CORVALLIS, Ore. – Nobel Peace Prize laureate Betty Williams will visit the Oregon State University campus on Saturday, April 21, where she will work with Pacific Northwest high school students, teachers and OSU students on community service.

She also will present a free public lecture at 8 p.m. in LaSells Stewart Center.

Her appearance is part of PeaceJam, an international education program that works with Nobel Prize laureates to engage youth in volunteerism and encourages them to work to transform themselves, their local communities and, ultimately, the world.

Williams is one of the founders of the Community of Peace People, an organization that is still actively involved in the betterment of life for people in Northern Ireland. She was awarded the Nobel Peace Prize in 1976, along with Mairead Corrigan Maguire, for her work against violence in Northern Ireland. Her activism began when she witnessed the killing of an IRA gunman by police, which caused his car to veer out of control and kill three children.

The first person on the scene, Williams called a reporter and announced a peace rally would be held in one week – an event that drew thousands and ushered in a new wave of anti-violence activism. She has spent the past 30 years traveling around the world, promoting safety and well-being for children.

This will be the third year OSU has hosted a PeaceJam event and Nobel Prize laureate. Last year, Guatemala’s Rigoberta Menchu Tum, the 1992 Nobel Peace Prize winner and activist for indigenous peoples, came to campus. The first “PeaceJam NW” event was held the previous year and featured Jody Williams, the 1997 Nobel Peace Prize winner for leading a global drive to ban land mines.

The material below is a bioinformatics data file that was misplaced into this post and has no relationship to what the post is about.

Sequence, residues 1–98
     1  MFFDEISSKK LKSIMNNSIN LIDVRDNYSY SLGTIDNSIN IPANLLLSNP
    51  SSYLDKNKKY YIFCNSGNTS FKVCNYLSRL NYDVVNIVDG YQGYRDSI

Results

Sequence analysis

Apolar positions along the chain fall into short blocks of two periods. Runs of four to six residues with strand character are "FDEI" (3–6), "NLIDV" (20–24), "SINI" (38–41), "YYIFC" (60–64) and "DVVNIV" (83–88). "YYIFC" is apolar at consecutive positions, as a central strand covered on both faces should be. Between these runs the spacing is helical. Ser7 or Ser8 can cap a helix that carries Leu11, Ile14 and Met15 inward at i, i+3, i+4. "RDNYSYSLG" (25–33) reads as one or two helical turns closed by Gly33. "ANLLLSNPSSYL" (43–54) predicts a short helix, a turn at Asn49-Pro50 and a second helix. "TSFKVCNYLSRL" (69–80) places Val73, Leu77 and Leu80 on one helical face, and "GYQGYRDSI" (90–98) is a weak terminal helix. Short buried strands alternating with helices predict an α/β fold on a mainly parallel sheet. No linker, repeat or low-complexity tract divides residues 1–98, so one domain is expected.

“It is an honor for Oregon State University to host this Northwest event and an extraordinary opportunity for high school and college students to personally interact with a Nobel Prize recipient,” said Frank Ragulsky, OSU’s student media adviser and a campus coordinator of PeaceJam.

“Perhaps the most important part comes when they return home and become more actively involved in their own communities,” he added.

The April 21 event has thus far drawn 225 high school students from Oregon, Washington and California; 38 OSU students who will serve as mentors; and 46 teachers from around the Northwest. A dozen PeaceJam affiliate directors from around the country will also take part.

The students will work in groups of about a dozen on a variety of community service projects in the Corvallis area, attend workshops, and have the opportunity to present individual or school plans for furthering peace to Williams.

Among the community service projects:

  • Building a fitness trail for elementary students at Lincoln School in Corvallis;
  • Sorting clothes, cleaning and moving furniture at Circle of Hope, a drop-in center for low-income community members and their families who are coping with homelessness or mental illness;
  • Cleanup, working with pets and other activities at the Heartland Humane Society;
  • Painting, cleaning and construction for the Presbyterian Preschool, a facility that offers tuition assisted preschool and child care.

The PeaceJam event is supported by the Division of Student Affairs at Oregon State University.

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Frank Ragulsky,